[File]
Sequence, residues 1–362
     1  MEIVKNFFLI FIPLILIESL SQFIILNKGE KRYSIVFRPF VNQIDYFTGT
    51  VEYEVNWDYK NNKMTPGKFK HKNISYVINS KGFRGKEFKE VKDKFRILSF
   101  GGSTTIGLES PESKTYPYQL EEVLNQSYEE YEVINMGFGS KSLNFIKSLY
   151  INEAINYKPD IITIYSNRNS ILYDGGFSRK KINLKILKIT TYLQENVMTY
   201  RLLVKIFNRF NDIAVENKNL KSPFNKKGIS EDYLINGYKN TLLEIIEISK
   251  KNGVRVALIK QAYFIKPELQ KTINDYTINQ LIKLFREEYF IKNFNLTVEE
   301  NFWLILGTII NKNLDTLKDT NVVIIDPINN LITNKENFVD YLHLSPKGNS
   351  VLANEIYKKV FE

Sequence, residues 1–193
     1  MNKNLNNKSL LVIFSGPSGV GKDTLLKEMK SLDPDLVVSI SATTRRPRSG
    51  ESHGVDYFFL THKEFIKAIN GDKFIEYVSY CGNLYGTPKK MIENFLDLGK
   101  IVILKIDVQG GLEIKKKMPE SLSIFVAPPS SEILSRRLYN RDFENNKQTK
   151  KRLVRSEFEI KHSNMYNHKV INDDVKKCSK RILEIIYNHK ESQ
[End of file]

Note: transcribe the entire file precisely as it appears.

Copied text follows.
Sequence, residues 1–362
     1  MEIVKNFFLI FIPLILIESL SQFIILNKGE KRYSIVFRPF VNQIDYFTGT
    51  VEYEVNWDYK NNKMTPGKFK HKNISYVINS KGFRGKEFKE VKDKFRILSF
   101  GGSTTIGLES PESKTYPYQL EEVLNQSYEE YEVINMGFGS KSLNFIKSLY
   151  INEAINYKPD IITIYSNRNS ILYDGGFSRK KINLKILKIT TYLQENVMTY
   201  RLLVKIFNRF NDIAVENKNL KSPFNKKGIS EDYLINGYKN TLLEIIEISK
   251  KNGVRVALIK QAYFIKPELQ KTINDYTINQ LIKLFREEYF IKNFNLTVEE
   301  NFWLILGTII NKNLDTLKDT NVVIIDPINN LITNKENFVD YLHLSPKGNS
   351  VLANEIYKKV FE

Sequence, residues 1–193
     1  MNKNLNNKSL LVIFSGPSGV GKDTLLKEMK SLDPDLVVSI SATTRRPRSG
    51  ESHGVDYFFL THKEFIKAIN GDKFIEYVSY CGNLYGTPKK MIENFLDLGK
   101  IVILKIDVQG GLEIKKKMPE SLSIFVAPPS SEILSRRLYN RDFENNKQTK
   151  KRLVRSEFEI KHSNMYNHKV INDDVKKCSK RILEIIYNHK ESQ